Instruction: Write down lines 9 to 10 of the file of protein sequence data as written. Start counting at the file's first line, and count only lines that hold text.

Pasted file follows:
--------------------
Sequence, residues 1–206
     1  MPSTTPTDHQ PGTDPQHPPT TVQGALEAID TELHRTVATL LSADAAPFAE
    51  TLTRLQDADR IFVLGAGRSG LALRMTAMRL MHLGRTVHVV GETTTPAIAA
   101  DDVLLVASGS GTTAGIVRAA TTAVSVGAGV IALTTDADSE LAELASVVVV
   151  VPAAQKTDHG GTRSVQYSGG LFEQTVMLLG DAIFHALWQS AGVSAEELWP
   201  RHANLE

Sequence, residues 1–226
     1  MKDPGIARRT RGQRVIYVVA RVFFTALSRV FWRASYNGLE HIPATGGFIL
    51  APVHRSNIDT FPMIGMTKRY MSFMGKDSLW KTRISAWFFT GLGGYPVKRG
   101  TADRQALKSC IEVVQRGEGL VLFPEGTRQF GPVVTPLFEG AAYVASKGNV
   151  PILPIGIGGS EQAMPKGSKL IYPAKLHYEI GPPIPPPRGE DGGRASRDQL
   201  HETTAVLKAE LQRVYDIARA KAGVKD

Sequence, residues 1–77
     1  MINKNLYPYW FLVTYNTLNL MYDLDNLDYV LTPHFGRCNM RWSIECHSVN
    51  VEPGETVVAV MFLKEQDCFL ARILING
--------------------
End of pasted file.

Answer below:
    51  APVHRSNIDT FPMIGMTKRY MSFMGKDSLW KTRISAWFFT GLGGYPVKRG
   101  TADRQALKSC IEVVQRGEGL VLFPEGTRQF GPVVTPLFEG AAYVASKGNV